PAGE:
The "refereed" or "peer review" status of a journal comes from the Ulrichsweb Global Serials Directory (http://ulrichsweb.serialssolutions.com/), as supplied by the publisher. The term refers to the system of critical evaluation of manuscripts/articles by professional colleagues or peers. The content of refereed publications is sanctioned, vetted, or otherwise approved by a peer-review or editorial board. The peer-review and evaluation system is utilized to protect, maintain, and raise the quality of scholarly material published in serials. Publications subject to the referee process are assumed, then, to contain higher quality content than those that are not.
Peer Reviewed Journal Article

Growth optimisation of microalga mutant at high CO₂ concentration to purify undiluted anaerobic digestion effluent of swine manure

Authors: Cheng, J; Xu, J; Huang, Y; Li, Y; Zhou, J; Cen, K (2015) Bioresource Technology 177:240-246. HERO ID: 2821316

[Less] Growth rate of the microalga Chlorella PY-ZU1 mutated by nuclear irradiation was optimised for use in . . . [More] Growth rate of the microalga Chlorella PY-ZU1 mutated by nuclear irradiation was optimised for use in the purification of undiluted anaerobic digestion effluent of swine manure (UADESM) with 3745 mg L(-1) chemical oxygen demand (COD) and 1135 mg L(-1) total nitrogen content. The problem of accessible carbon in UADESM was solved by continuous introduction of 15% (v/v) CO2. Adding phosphorus to UADESM and aeration of UADESM before inoculation both markedly reduced the lag phase of microalgal growth. In addition, the biomass yield and average growth rate of Chlorella PY-ZU1 increased significantly to 4.81 g L(-1) and 601.2 mg L(-1) d(-1), respectively, while the removal efficiencies of total phosphorus, COD and ammonia nitrogen increased to 95%, 79% and 73%, respectively. Thus, the findings indicate that Chlorella PY-ZU1 can be used for effective purification of UADESM, while the biomass can be safely used as animal feed supplement.

The "refereed" or "peer review" status of a journal comes from the Ulrichsweb Global Serials Directory (http://ulrichsweb.serialssolutions.com/), as supplied by the publisher. The term refers to the system of critical evaluation of manuscripts/articles by professional colleagues or peers. The content of refereed publications is sanctioned, vetted, or otherwise approved by a peer-review or editorial board. The peer-review and evaluation system is utilized to protect, maintain, and raise the quality of scholarly material published in serials. Publications subject to the referee process are assumed, then, to contain higher quality content than those that are not.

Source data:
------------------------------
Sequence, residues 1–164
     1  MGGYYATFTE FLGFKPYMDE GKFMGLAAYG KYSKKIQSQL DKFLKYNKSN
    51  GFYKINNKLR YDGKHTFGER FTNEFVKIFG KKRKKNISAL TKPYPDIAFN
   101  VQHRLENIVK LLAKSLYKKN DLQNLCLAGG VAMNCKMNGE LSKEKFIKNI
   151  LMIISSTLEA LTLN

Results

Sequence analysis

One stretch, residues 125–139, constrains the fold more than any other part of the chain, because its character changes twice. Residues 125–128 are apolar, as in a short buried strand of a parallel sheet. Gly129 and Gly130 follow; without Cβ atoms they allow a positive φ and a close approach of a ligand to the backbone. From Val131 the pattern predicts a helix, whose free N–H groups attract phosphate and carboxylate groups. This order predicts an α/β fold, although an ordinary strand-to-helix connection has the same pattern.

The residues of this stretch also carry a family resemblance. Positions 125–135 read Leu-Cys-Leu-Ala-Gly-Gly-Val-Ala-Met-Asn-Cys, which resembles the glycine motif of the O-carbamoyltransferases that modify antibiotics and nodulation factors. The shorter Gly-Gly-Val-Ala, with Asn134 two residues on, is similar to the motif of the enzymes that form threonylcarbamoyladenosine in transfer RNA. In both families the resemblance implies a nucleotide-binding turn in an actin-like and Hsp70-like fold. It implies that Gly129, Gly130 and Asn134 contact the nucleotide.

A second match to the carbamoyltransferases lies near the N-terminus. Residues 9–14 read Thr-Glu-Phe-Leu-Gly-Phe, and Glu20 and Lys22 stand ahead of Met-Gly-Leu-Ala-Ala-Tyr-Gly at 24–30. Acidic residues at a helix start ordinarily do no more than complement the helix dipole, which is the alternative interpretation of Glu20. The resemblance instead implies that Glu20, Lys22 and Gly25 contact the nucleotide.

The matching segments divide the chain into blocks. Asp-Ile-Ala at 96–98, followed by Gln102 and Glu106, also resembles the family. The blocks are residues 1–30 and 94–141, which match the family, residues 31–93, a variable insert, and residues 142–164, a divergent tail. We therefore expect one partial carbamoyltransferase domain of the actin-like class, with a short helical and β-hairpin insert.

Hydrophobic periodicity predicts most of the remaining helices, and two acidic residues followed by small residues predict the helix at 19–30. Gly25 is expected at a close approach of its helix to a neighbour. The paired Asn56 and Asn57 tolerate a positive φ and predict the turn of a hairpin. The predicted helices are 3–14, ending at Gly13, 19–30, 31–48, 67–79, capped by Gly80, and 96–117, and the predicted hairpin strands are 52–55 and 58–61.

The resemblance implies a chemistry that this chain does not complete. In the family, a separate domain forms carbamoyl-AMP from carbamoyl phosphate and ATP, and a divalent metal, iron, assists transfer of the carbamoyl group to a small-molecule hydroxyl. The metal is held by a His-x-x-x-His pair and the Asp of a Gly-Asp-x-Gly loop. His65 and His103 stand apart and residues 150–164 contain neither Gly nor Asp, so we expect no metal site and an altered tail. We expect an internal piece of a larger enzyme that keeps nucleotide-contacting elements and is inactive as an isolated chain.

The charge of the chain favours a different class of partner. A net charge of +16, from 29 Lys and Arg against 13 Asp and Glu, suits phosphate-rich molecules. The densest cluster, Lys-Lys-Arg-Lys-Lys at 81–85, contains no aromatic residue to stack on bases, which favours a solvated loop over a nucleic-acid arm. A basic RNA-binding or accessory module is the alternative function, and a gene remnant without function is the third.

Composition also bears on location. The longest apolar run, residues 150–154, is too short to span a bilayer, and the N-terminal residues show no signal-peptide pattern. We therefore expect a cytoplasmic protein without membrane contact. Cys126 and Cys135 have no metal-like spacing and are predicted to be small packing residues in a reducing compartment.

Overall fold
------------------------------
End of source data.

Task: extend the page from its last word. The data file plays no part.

Peer Reviewed Journal Article

Optimization of Three Operating Parameters for a Two-Step Fed Sequencing Batch Reactor (SBR) System to Remove Nutrients from Swine Wastewater

Authors: Wu, X; Zhu, J; Cheng, J; Zhu, N (2015) Applied Biochemistry and Biotechnology 175:2857-2871. HERO ID: 2821285

[Less] In this study, the effect of three operating parameters, i.e., the first/second volumetric feeding ratio . . . [More] In this study, the effect of three operating parameters, i.e., the first/second volumetric feeding ratio (milliliters/milliliters), the first anaerobic/aerobic (an/oxic) time ratio (minute/minute), and the second an/oxic time ratio (minute/minute), on the performance of a two-step fed sequencing batch reactor (SBR) system to treat swine wastewater for nutrients removal was examined. Central Composite Design, coupled with Response Surface Methodology, was employed to test these parameters at five levels in order to optimize the SBR to achieve the best removal efficiencies for six response variables including total nitrogen (TN), ammonium nitrogen (NH4-N), total phosphorus (TP), dissolved phosphorus (DP), chemical oxygen demand (COD), and biochemical oxygen demand (BOD). The results showed that the three parameters investigated had significant impact on all the response variables (TN, NH4-N, TP, DP, COD, and BOD), although the highest removal efficiency for each individual responses was associated with different combination of the three parameters. The maximum TN, NH4-N, TP, DP, COD, and BOD removal efficiencies of 96.38 %, 95.38 %, 93.62 %, 94.3 %, 95.26 %, and 92.84 % were obtained at the optimal first/second volumetric feeding ratio, first an/oxic time ratio, and second an/oxic time ratio of 3.23, 0.4, and 0.8 for TN; 2.64, 0.72, and 0.76 for NH4-N; 3.08, 1.16, and 1.07 for TP; 1.32, 0.81, and 1.0 for DP; 2.57, 0.96, and 1.12 for COD; and 1.62, 0.64, and 1.61 for BOD, respectively. Good linear relationships between the predicted and observed results for all the response variables were observed.